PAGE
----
Flopping Draws

The flop might frequently fit your hand by giving you a draw rather than a holdem made hands. By a draw, we mean a hand that is not best right now but has a potential to develop into the best hand.

Do you have the best draw? If you have the best draw, you need to get odds from the other players and you don't want to do anything that can cause of them to fold, so that if you do complete your hand you will win a big pot.

Flopping a Flush Draws


Suited cards are poker hands which are based on hitting a flop. They are drawing hands and the best flop you can hit with them will normally be a draw.

If you flop a good draw and a flush draw is normally a good draw, then you would like it to play aggressively. Once you have made a flush and three flush cards are on the board, the other players will tend to back off and it is improbable that you will get the poker betting to go over two bets. If the players are really passive, they will frequently check and call once the third flush card hits. The time to get the bets in is on the flop when you have flopped a draw.

The odds you need to know are the odds for a flush draw. At the flop, you are 2-1 underdog to make the hand. At the turn, you are a 4-1 underdog to make a hand. Therefore if you are getting three or more callers on the flop, you should bet or raise with a flush draw. With only two callers a bet or raise is all right; with only one caller, betting a flush draw is not a bet for value, it is a bluff.

To call for a draw, you have to take the pot odds into account. When you are considering the pot odds, you need to consider how may bets you are going to call. With a flush draw on the flop, in a loose game you don't need pot odds to draw. You are getting good enough odds on the current betting round as long as you have got three callers. That is 3-1 odds on a 2-1 proposition.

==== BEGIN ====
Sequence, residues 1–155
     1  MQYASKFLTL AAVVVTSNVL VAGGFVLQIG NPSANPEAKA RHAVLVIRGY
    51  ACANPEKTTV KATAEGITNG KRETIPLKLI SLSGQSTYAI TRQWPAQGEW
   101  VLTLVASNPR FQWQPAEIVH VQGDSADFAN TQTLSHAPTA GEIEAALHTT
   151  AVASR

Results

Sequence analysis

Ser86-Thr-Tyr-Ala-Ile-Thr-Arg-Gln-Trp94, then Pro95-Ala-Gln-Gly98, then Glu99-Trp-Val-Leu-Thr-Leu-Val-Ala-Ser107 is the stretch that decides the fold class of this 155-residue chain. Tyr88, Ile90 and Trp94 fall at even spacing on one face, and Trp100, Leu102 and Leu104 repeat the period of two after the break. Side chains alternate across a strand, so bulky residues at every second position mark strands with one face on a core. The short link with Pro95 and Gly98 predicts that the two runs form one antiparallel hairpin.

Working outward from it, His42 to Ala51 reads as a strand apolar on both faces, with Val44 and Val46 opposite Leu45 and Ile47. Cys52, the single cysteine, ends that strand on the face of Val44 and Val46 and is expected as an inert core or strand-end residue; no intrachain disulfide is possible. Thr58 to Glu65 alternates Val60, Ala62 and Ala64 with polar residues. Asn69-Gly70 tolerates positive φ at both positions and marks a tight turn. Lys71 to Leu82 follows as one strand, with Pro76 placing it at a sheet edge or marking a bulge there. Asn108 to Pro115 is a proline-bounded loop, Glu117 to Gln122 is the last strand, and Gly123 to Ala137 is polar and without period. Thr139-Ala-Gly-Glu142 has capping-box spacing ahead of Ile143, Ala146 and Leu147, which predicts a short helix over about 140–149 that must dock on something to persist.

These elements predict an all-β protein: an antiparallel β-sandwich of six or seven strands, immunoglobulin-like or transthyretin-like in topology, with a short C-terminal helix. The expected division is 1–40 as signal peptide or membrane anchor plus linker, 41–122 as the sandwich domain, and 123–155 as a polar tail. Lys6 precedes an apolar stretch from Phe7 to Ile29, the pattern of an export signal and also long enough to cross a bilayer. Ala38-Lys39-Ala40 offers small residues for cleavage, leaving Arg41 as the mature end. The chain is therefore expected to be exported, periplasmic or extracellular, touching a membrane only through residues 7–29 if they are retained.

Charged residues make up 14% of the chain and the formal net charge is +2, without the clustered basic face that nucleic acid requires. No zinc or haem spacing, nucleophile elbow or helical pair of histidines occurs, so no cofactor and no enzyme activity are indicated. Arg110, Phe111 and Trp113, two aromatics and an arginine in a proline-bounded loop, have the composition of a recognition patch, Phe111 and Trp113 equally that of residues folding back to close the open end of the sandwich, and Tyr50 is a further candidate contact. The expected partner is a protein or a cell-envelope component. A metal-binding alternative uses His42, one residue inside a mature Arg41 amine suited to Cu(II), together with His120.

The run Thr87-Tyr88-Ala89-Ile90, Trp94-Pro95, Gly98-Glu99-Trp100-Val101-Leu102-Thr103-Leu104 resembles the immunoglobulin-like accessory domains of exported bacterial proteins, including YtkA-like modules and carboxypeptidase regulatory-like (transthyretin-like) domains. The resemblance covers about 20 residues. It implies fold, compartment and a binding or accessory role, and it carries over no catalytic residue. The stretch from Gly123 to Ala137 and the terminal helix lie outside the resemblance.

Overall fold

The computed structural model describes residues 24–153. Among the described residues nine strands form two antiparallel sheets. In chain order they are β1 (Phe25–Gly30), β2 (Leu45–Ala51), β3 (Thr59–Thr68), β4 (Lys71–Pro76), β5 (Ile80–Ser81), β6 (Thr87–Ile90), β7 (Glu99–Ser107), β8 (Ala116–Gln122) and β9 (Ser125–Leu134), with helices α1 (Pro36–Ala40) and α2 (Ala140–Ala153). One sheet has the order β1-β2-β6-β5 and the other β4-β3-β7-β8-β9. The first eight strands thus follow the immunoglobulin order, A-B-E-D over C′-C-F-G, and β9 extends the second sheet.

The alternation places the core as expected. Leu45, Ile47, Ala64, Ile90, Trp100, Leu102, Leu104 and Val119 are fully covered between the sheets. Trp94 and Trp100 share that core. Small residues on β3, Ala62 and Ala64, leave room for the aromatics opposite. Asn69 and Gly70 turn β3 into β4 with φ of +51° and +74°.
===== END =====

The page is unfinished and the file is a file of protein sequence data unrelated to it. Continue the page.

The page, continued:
With the better draws such as flush draws, you virtually always get the right odds to call on the flop. You will be getting the right odds both on the flop and turn but you need to make the pot odds determination one call at a time.

To take one card you need about 4-1. The time where you won't get for a calling bet on the flop is when the two blinds are heads up. Thus, calling on the flop with one of the strong draws is rather much automatic. You will be getting the right odds. Once there has been a bet and call on the flop, you will certainly get the right odds to call on the turn.

If you know you are going to call, you should further about raising. A flush draw (when the flop is unpaired) is a situation where you should certainly think of raising. The 2-1 odds with two more cards to come that stated earlier come into play when you are thinking about raising. If you do raise and get called by two or more online poker players, the pot size on the turn will be big enough to give you 4-1 on the turn. If you raise, you know you will be calling on the turn.

In that situation you raise if you are getting 2-1 or better on the flop from callers of your raise - not the pot odds.

You should think about the pot when you think of a call. For a call you compare the pot odds to the odds of making the hand in one card.

You should also think about odds on the bet itself (not pot odds) when you think about a raise. For a raise you compare the number of callers you expect (the odds you are getting) with the chances of making a hand in the next two cards. You can do because you know the raise will make the pot big enough so that on the turn you will be getting the pot odds to call.